doggerel verse


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  • noun

Synonyms for doggerel verse

a comic verse of irregular measure

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References in periodicals archive ?
Once the most widely read poet of early New England, Wigglesworth declined in popularity together with Puritanism and has since been considered a writer of doggerel verse.
Lord Curzon's long career in and out of politics not only generated an abundance of anecdotes and doggerel verse, but also a vast assortment of historical material.
Nor do I much like his kind of musical, which aims at a seamless operalike score, with long stretches of recitative delivered in doggerel verse.
The astonishing response to the death of Diana, Princess of Wales, the invention of quite un-British rituals -- the sea of flowers, the trees and lamp-posts ringed with candles, the home-made icons and teddy bears, the outpouring of doggerel verse -- has defied explanation by any commentators on the nation's psychology.
The writers are by turns turgid, pedestrian, precious, and abruptly colloquial ("ego bene merdarem in vestram poetriam," 1:3); neither their prose nor, more strikingly, their doggerel verse shows a trace of standard rules for accent and prosody.
The drawings appeared as a series of chromolithographed prints in a book called A Happy Pair showing a pair of delightful rabbits out shopping and with doggerel verse by Frederic Weatherly.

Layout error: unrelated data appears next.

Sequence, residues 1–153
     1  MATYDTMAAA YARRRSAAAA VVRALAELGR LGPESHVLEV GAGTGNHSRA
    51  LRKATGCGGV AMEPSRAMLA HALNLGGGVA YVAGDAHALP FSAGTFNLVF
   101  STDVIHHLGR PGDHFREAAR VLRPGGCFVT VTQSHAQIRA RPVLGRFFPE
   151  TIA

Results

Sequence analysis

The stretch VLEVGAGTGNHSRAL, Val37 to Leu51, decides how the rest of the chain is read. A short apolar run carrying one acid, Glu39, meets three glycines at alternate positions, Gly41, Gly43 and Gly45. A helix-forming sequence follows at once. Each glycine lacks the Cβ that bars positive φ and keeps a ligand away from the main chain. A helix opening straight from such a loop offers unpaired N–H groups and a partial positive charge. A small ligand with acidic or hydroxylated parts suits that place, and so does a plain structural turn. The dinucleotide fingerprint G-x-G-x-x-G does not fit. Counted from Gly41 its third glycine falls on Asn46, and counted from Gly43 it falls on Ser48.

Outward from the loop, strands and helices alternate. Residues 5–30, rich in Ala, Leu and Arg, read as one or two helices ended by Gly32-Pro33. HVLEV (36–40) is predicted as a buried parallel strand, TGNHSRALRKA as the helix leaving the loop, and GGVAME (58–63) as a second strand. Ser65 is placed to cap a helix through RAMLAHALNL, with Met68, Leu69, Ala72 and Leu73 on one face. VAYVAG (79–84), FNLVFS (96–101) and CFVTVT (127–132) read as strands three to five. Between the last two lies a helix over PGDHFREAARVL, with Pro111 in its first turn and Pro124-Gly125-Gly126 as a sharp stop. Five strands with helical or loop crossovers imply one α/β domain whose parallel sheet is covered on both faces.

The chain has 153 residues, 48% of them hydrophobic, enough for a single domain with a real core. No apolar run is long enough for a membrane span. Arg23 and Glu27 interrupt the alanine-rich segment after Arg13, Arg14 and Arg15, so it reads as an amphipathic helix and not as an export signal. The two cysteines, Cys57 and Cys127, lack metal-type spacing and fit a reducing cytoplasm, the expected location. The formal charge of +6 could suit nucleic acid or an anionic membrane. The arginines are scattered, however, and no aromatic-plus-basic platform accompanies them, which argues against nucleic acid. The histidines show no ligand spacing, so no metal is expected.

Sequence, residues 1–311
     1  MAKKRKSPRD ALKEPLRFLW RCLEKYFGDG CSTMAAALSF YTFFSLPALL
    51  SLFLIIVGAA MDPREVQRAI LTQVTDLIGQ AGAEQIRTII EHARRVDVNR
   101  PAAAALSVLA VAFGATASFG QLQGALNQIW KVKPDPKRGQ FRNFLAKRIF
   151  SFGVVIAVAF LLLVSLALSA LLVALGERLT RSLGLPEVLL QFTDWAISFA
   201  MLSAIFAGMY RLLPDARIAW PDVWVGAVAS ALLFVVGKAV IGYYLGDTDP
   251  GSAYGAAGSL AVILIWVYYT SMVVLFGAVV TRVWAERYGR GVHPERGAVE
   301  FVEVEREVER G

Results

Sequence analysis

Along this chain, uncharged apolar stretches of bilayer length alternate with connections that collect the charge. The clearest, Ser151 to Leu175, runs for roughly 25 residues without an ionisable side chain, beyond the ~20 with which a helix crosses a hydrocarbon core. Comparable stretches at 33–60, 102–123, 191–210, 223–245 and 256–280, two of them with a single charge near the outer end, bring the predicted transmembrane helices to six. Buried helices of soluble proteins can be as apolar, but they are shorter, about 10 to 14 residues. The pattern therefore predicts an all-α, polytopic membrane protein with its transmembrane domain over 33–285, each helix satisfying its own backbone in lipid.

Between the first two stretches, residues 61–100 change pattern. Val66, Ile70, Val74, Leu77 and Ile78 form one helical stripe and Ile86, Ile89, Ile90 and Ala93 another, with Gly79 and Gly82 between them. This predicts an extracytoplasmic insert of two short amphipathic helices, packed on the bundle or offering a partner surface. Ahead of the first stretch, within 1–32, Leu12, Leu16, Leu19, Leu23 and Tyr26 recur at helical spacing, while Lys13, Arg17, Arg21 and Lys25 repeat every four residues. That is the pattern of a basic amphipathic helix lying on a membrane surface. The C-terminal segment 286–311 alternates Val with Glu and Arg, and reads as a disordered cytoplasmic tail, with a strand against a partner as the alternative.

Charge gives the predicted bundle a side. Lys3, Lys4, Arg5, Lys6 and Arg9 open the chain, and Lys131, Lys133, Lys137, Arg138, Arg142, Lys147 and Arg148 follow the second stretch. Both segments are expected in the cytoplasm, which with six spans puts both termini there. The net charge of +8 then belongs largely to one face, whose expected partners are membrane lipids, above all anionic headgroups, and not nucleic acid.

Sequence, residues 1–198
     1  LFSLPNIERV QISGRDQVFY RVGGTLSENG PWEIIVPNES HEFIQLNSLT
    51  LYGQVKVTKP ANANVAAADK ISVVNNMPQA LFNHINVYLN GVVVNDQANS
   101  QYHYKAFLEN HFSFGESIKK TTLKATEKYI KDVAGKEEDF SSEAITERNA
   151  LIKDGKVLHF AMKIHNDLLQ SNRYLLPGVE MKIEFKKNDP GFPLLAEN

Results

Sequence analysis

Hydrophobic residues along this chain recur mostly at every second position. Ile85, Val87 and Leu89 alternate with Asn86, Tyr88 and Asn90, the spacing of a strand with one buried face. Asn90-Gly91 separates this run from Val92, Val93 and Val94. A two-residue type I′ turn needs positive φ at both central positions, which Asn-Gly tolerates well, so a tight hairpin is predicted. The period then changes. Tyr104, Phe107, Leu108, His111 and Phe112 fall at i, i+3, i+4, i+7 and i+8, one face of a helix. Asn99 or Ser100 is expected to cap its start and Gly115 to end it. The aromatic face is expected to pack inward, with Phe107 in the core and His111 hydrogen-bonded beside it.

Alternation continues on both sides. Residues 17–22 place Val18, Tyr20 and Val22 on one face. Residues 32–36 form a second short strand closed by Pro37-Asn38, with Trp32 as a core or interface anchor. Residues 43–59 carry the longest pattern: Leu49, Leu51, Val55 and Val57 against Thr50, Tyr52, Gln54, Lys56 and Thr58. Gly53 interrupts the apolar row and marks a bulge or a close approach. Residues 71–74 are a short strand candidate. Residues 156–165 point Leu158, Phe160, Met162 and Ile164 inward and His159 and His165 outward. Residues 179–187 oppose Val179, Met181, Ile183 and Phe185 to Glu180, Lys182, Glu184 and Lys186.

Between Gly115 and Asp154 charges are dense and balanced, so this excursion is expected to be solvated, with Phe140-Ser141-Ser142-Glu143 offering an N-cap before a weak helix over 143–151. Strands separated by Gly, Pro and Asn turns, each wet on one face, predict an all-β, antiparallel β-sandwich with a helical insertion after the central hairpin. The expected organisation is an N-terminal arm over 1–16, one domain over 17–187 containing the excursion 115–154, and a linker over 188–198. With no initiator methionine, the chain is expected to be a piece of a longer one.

Moreover, their doggerel verse and often scurrilous language suggest that they originated in the tavern world of pamphlets, epigrams and satire rather than among courtiers.
They liked the brightly coloured cartoon illustrations (there is a passing comparison with the Dr Seuss books), the doggerel verses ('London's often cool and clammy/Humid best describes Miami') and the general lightheartedness of the presentation.
It says something for the convivial spirit of the club during the 1920s that even a member as dour as Vincent Massey could make a name as a Great Hall wit, known for his inspired doggerel verses.
Celebrating the tale of a closer-than-usual relationship between the family of the house and their servants, the original 'upstairs, downstairs' story comes alive in a series of witty portraits with doggerel verses.
But it's the doggerel verses in the Toast to the Lassies and the Response that catches most people's imagination, as it is the chance to poke fun at other guests and score points against the opposite sex in often completely made-up "broad" Scots.